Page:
Wet weather continues to delay farmers turning cattle out to grass, prolonging the winter housing routine of feeding and bedding.

While turn-out is unlikely to happen anytime soon, there are a few non-livestock related jobs to complete before cattle do hit grass.

Outlined are five tasks to consider.

1. Checking boundary fencing is secure

If farmers have not already done so, take a walk around grazing fields to check boundary fences are secure.

There were some major storms this winter, causing trees to fall. In some cases, fences were damaged or the tension taken out of wire by fallen trees.

Aim to get fences cleared of fallen debris, then repair wire and posts that have been damaged.

Ground may be soft, so just focus on sawing up branches for now, leaving cut timber in fields until ground conditions allow machinery to take it away.

2. Check electric wires and bridging joints

On farms with mains electric fencing around field boundaries, check that hedges are not overgrown and earthing the wire. Some fences will need wire re-tensioned.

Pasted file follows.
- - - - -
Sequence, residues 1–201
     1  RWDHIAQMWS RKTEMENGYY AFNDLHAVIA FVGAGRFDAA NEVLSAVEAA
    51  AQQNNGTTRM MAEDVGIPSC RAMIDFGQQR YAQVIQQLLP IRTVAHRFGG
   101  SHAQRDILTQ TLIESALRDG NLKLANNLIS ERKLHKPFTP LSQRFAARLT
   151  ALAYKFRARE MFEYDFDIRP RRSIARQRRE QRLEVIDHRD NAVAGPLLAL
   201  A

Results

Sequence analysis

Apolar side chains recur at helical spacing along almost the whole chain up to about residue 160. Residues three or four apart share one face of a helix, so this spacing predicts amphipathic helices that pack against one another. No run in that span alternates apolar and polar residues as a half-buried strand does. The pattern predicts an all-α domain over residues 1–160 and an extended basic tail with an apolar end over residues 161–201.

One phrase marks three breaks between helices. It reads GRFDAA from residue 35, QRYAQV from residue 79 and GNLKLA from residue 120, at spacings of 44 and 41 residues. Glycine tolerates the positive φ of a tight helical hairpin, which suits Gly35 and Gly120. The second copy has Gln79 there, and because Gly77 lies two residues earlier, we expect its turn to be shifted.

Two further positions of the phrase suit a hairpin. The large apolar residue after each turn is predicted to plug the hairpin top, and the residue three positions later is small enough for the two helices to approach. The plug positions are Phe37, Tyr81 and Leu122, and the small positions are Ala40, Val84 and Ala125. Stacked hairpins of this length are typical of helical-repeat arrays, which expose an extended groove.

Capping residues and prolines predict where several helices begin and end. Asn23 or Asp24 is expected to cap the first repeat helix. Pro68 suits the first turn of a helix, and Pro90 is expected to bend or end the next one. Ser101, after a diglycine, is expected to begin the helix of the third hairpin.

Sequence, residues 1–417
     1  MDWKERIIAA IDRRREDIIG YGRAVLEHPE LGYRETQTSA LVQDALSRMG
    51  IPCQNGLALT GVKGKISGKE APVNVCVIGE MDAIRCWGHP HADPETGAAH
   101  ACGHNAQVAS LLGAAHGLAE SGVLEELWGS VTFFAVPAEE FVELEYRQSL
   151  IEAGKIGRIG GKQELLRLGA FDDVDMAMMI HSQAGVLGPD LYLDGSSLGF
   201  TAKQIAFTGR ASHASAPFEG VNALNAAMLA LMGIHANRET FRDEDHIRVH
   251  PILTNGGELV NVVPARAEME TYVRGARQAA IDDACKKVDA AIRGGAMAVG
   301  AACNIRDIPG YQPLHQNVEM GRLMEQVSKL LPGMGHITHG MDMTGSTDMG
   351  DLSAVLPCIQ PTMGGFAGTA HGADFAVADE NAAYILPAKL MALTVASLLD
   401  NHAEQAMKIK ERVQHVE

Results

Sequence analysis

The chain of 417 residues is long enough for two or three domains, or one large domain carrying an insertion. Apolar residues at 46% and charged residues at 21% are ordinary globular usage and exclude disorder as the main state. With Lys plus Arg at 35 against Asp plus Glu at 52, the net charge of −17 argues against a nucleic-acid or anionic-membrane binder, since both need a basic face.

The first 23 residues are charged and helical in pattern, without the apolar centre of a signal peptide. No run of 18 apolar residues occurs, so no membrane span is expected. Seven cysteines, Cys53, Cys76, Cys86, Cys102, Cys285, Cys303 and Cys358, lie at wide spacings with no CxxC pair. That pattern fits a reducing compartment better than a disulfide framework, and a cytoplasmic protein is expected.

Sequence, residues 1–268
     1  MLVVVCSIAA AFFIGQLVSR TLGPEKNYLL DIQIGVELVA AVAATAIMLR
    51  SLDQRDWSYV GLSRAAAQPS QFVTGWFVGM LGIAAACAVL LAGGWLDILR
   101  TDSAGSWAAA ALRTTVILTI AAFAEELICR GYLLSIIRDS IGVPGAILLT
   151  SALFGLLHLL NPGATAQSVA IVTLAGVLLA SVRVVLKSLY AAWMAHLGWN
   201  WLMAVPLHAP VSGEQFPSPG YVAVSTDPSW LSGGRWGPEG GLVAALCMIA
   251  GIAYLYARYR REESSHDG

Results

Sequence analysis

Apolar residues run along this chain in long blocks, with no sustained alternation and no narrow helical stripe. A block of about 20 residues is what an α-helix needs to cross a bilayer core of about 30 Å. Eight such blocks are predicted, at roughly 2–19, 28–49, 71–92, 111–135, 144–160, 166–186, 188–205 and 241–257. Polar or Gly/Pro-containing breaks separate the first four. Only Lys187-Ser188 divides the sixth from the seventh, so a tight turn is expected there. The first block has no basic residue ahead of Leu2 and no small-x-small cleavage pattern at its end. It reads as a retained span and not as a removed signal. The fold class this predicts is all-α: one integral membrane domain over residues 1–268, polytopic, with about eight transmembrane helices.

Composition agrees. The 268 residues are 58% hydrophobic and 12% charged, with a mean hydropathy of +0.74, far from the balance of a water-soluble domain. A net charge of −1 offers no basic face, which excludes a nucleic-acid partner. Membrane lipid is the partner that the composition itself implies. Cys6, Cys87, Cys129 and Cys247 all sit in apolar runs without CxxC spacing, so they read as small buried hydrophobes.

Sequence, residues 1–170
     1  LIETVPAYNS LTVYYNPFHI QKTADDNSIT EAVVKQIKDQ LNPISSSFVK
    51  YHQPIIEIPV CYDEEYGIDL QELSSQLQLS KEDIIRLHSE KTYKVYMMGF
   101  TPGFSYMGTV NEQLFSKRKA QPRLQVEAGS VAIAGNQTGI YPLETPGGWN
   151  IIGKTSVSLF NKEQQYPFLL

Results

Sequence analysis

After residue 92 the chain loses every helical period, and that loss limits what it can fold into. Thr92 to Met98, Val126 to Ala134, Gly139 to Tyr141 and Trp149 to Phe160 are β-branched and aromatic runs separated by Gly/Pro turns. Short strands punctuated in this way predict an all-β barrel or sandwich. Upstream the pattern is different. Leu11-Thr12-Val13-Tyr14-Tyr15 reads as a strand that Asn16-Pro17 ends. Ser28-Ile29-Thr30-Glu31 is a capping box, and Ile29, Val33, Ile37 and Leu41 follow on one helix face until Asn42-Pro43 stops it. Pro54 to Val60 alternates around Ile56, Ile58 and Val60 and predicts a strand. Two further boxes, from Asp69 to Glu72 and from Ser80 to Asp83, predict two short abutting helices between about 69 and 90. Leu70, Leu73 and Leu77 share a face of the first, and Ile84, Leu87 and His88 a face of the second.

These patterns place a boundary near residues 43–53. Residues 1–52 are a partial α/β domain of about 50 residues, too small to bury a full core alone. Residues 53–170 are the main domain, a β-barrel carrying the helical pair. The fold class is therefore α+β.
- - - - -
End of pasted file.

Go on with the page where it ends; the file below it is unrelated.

Check insulators are all in place and not perished. Pay attention to wires at junctions such as field gates, where they connect to the next paddock or a spring handle at gateways.

Exposed wire can rust at these joints.

3. Mobile electric fencing units

Check battery fencers are in working order. Replace or fix the charge and earth leads that are damaged or corroded.

Purchase new batteries and leave solar units in a safe place to charge up before they are required for use.

Check reels are intact. Discard poly wires that are frayed or damaged, as they may not carry an even electrical charge, making it more likely animals will break through fences.

4. Drinking troughs

When walking field boundaries, take a bucket and empty out water troughs that have become bunged up with leaves or algae. Check there are no leaks at fill points from pipes freezing over winter.

5. Fixing hangers and adjusting field gates

Field gates should open and close freely. If not, adjust hangers or replace as needed.

Equally, adjust gates so they securely bar into the strainers and concrete gateposts.

Some gates do not open fully because there is a high spot at ground level. This can be a pain when trying to move cattle out of a paddock, as animals can run either side of gate.

It also makes it awkward getting machinery in and out of fields.

Is there access to a digger on farm to pull a few inches off any high spots catching gates, allowing them to open fully?

Read more

Scanning autumn calving cows before turnout

Dairy management: dealing with a silage shortage